The ROK is developing and deploying robust counterstrike capabilities to deter Pyongyang’s growing nuclear threat. But a robust ISR capability and greater interoperability of ROK defence capabilities are necessary for the credibility of Seoul’s conventional deterrent. Therefore, South Korea’s ISR capabilities are important for confidence in the ROK deterrent, and should that deterrent fail, ROK and allied ISR will be critical to defeat military aggression from the North or to deal with other contingencies.

Seoul has been outspoken in its desire to retaliate sternly against any future North Korean provocations. This sentiment was borne out of what some ROK political and defence officials viewed as an overly restrained response both to the sinking of the Ch’ŏnan and the shelling of Yŏnp’yŏng Island in 2010. With this in mind, the development of ROK weapons capabilities in addition to the possibility of OPCON transfer opens up broader issues related to future deterrence and crisis stability within the context of U.S.-ROK alliance dynamics.

Credible threats to strike back with greater force may strengthen deterrence by signalling to Pyongyang that future provocations would be too costly. However, if deterrence fails and the ROK delivers retaliatory strikes that are more extensive and robust than in the past, the danger of rapid escalation is real since Pyongyang could perceive the response to be the first wave of much larger military operations or the beginning of a full-scale war. In other words, if the U.S. were to relinquish wartime OPCON, the threat of counter-strikes against provocations such as the Ch’ŏnan sinking is more credible because the ROK military would perhaps feel less restrained  in seeking to settle some scores with the North. With Seoul in the driver’s seat the barriers to escalation could be reduced since Seoul appears to be less concerned about escalation and stability than Washington. As long as an American general is in command of the Combined Forces Command (CFC), stability will be viewed as more important than revenge against the [North] Korean People’s Army (KPA).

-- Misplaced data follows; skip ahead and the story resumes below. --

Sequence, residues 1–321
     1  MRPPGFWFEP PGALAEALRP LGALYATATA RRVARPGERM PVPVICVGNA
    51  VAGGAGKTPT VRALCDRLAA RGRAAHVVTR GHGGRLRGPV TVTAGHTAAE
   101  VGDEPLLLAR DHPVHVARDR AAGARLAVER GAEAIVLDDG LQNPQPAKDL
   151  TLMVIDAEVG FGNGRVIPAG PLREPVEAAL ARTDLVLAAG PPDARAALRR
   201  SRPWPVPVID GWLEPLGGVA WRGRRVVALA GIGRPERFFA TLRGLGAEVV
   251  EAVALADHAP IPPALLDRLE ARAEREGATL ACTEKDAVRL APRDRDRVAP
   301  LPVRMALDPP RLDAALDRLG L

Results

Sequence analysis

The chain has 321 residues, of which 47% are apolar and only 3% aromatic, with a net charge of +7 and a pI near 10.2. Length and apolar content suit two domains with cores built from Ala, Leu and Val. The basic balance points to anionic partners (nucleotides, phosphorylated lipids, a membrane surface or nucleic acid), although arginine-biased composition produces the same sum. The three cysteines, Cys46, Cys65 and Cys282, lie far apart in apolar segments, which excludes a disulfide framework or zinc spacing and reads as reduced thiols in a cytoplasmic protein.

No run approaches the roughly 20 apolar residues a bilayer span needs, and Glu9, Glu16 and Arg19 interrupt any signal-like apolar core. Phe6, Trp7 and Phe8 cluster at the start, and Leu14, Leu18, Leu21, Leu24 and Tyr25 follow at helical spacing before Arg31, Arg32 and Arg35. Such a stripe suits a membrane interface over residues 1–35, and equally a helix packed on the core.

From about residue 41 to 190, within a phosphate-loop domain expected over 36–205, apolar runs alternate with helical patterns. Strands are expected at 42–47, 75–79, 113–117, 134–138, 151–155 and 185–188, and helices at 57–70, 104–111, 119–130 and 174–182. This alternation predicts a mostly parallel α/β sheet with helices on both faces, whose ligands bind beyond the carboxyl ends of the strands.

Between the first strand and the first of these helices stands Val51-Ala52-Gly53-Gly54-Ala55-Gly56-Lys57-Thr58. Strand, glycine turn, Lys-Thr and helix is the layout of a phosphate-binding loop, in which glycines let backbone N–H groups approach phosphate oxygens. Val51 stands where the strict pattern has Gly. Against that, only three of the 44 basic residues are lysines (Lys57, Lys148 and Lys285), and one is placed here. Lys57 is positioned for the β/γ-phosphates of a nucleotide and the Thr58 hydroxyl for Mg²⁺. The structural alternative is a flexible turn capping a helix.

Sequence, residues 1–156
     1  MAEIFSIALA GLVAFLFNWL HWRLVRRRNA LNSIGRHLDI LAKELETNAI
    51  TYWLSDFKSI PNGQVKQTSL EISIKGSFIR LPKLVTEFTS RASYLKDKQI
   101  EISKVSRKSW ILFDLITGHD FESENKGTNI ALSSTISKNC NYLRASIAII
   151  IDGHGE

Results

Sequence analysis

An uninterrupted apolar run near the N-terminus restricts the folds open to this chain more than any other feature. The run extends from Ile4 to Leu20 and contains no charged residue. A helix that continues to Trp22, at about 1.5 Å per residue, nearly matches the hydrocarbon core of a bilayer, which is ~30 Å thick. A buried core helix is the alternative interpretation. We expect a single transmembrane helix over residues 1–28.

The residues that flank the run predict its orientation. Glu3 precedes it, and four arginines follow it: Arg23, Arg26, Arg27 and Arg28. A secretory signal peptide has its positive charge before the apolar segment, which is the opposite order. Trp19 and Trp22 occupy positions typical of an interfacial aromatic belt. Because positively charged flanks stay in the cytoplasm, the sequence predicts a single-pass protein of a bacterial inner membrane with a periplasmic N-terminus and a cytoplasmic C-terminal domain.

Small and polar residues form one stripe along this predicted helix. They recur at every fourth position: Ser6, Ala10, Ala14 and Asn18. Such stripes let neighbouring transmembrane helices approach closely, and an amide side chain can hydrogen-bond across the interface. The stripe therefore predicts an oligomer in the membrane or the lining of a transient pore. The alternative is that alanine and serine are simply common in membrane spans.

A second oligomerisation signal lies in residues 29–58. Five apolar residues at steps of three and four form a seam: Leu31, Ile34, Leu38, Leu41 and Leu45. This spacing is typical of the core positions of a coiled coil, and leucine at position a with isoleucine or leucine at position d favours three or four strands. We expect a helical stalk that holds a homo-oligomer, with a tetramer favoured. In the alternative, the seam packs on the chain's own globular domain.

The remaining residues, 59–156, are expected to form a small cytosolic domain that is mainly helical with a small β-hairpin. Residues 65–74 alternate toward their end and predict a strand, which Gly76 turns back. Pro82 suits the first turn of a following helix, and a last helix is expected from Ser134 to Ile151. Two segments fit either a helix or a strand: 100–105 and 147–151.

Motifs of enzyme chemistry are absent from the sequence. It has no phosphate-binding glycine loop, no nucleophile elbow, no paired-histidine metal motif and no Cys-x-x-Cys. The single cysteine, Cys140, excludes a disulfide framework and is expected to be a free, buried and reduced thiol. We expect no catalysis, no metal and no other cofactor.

Despite ROK official policy to seek a delay on OPCON transfer, there appears to be a generational divide with younger Koreans viewing the issue through the lens of sovereignty and the ROK’s modernisation. Young South Koreans do not have memories of the Korean War or the South’s poverty and deprivation during the post-war recovery period. For them, U.S. OPCON is a relic from the Cold War that is inappropriate for a modern and capable ROK.

Time and demographic changes probably will resolve the OPCON issue for good; the democratic ROK eventually will acquire wartime OPCON when the public no longer supports the current arrangement. In October, the ROK defence minister and the U.S. secretary of defence likely will announce that OPCON transfer will be postponed once again. Seoul wants another delay and it has the bargaining advantage since it only has to maintain the status quo, which is U.S. wartime OPCON. Regardless of the decision, the ROK should continue to bolster its ISR capabilities by acquiring systems such as indigenous reconnaissance satellites and Global Hawk unmanned aerial vehicles (UAVs). South Korea has deployed the multipurpose Arirang-3, which provides reconnaissance on North Korean missile and nuclear test sites, but due to its limited vision and longer rotation period the ROK remains dependent on the U.S. for more accurate intelligence. If OPCON transfer is postponed, Seoul should not use it as a pretext to rely on the U.S. for ISR and relax or abandon its plans to enhance its own ISR capabilities.